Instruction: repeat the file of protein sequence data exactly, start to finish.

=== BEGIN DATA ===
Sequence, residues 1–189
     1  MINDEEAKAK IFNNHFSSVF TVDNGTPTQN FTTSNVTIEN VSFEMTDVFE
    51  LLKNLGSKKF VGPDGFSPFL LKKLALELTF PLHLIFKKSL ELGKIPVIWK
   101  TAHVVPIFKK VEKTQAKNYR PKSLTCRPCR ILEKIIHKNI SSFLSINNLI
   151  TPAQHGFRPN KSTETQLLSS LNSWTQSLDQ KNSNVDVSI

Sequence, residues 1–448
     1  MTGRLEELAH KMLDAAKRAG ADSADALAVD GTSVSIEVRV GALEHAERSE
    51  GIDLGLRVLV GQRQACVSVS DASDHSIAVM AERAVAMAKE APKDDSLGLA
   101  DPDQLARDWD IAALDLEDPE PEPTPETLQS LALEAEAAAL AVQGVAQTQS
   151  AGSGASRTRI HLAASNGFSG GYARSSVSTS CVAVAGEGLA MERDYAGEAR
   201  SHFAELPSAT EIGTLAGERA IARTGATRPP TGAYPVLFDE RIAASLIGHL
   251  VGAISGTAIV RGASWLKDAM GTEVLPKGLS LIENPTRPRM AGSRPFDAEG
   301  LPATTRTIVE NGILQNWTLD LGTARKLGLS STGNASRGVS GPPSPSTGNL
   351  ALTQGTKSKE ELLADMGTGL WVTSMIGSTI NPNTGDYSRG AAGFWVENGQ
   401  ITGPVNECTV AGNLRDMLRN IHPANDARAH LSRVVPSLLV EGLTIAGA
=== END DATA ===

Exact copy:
Sequence, residues 1–189
     1  MINDEEAKAK IFNNHFSSVF TVDNGTPTQN FTTSNVTIEN VSFEMTDVFE
    51  LLKNLGSKKF VGPDGFSPFL LKKLALELTF PLHLIFKKSL ELGKIPVIWK
   101  TAHVVPIFKK VEKTQAKNYR PKSLTCRPCR ILEKIIHKNI SSFLSINNLI
   151  TPAQHGFRPN KSTETQLLSS LNSWTQSLDQ KNSNVDVSI

Sequence, residues 1–448
     1  MTGRLEELAH KMLDAAKRAG ADSADALAVD GTSVSIEVRV GALEHAERSE
    51  GIDLGLRVLV GQRQACVSVS DASDHSIAVM AERAVAMAKE APKDDSLGLA
   101  DPDQLARDWD IAALDLEDPE PEPTPETLQS LALEAEAAAL AVQGVAQTQS
   151  AGSGASRTRI HLAASNGFSG GYARSSVSTS CVAVAGEGLA MERDYAGEAR
   201  SHFAELPSAT EIGTLAGERA IARTGATRPP TGAYPVLFDE RIAASLIGHL
   251  VGAISGTAIV RGASWLKDAM GTEVLPKGLS LIENPTRPRM AGSRPFDAEG
   301  LPATTRTIVE NGILQNWTLD LGTARKLGLS STGNASRGVS GPPSPSTGNL
   351  ALTQGTKSKE ELLADMGTGL WVTSMIGSTI NPNTGDYSRG AAGFWVENGQ
   401  ITGPVNECTV AGNLRDMLRN IHPANDARAH LSRVVPSLLV EGLTIAGA